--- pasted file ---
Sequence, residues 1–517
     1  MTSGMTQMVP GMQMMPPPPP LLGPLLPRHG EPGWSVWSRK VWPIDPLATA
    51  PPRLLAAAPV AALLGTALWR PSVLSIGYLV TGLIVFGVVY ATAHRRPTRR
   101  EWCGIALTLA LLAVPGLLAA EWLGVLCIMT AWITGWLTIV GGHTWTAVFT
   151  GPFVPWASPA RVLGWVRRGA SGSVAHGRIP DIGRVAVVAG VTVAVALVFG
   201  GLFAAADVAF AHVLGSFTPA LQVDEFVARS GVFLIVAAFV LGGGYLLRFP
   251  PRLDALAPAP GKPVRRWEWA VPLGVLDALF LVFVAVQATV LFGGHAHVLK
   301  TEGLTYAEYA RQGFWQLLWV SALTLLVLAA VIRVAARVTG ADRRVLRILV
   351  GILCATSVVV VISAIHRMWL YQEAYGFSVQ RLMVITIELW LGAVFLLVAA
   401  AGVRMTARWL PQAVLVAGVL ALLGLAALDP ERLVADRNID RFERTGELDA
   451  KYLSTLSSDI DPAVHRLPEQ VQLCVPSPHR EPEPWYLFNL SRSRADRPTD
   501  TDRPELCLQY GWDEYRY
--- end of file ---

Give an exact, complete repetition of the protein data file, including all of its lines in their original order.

Sequence, residues 1–517
     1  MTSGMTQMVP GMQMMPPPPP LLGPLLPRHG EPGWSVWSRK VWPIDPLATA
    51  PPRLLAAAPV AALLGTALWR PSVLSIGYLV TGLIVFGVVY ATAHRRPTRR
   101  EWCGIALTLA LLAVPGLLAA EWLGVLCIMT AWITGWLTIV GGHTWTAVFT
   151  GPFVPWASPA RVLGWVRRGA SGSVAHGRIP DIGRVAVVAG VTVAVALVFG
   201  GLFAAADVAF AHVLGSFTPA LQVDEFVARS GVFLIVAAFV LGGGYLLRFP
   251  PRLDALAPAP GKPVRRWEWA VPLGVLDALF LVFVAVQATV LFGGHAHVLK
   301  TEGLTYAEYA RQGFWQLLWV SALTLLVLAA VIRVAARVTG ADRRVLRILV
   351  GILCATSVVV VISAIHRMWL YQEAYGFSVQ RLMVITIELW LGAVFLLVAA
   401  AGVRMTARWL PQAVLVAGVL ALLGLAALDP ERLVADRNID RFERTGELDA
   451  KYLSTLSSDI DPAVHRLPEQ VQLCVPSPHR EPEPWYLFNL SRSRADRPTD
   501  TDRPELCLQY GWDEYRY